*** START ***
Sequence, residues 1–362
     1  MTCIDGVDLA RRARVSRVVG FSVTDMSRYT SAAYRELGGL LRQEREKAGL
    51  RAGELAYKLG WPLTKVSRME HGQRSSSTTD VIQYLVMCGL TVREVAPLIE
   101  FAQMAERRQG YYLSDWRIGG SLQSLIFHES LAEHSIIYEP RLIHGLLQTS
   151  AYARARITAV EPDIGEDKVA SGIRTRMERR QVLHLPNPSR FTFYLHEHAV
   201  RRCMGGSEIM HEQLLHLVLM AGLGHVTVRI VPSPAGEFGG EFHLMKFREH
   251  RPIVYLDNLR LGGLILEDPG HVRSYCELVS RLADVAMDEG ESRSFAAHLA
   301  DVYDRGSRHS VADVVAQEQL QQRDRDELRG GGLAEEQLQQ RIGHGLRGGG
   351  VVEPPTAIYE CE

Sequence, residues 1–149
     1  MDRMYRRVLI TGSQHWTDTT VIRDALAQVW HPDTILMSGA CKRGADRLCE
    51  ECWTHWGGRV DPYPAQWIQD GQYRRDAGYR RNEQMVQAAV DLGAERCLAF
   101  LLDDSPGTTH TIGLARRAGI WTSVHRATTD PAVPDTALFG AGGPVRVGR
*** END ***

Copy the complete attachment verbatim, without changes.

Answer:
Sequence, residues 1–362
     1  MTCIDGVDLA RRARVSRVVG FSVTDMSRYT SAAYRELGGL LRQEREKAGL
    51  RAGELAYKLG WPLTKVSRME HGQRSSSTTD VIQYLVMCGL TVREVAPLIE
   101  FAQMAERRQG YYLSDWRIGG SLQSLIFHES LAEHSIIYEP RLIHGLLQTS
   151  AYARARITAV EPDIGEDKVA SGIRTRMERR QVLHLPNPSR FTFYLHEHAV
   201  RRCMGGSEIM HEQLLHLVLM AGLGHVTVRI VPSPAGEFGG EFHLMKFREH
   251  RPIVYLDNLR LGGLILEDPG HVRSYCELVS RLADVAMDEG ESRSFAAHLA
   301  DVYDRGSRHS VADVVAQEQL QQRDRDELRG GGLAEEQLQQ RIGHGLRGGG
   351  VVEPPTAIYE CE

Sequence, residues 1–149
     1  MDRMYRRVLI TGSQHWTDTT VIRDALAQVW HPDTILMSGA CKRGADRLCE
    51  ECWTHWGGRV DPYPAQWIQD GQYRRDAGYR RNEQMVQAAV DLGAERCLAF
   101  LLDDSPGTTH TIGLARRAGI WTSVHRATTD PAVPDTALFG AGGPVRVGR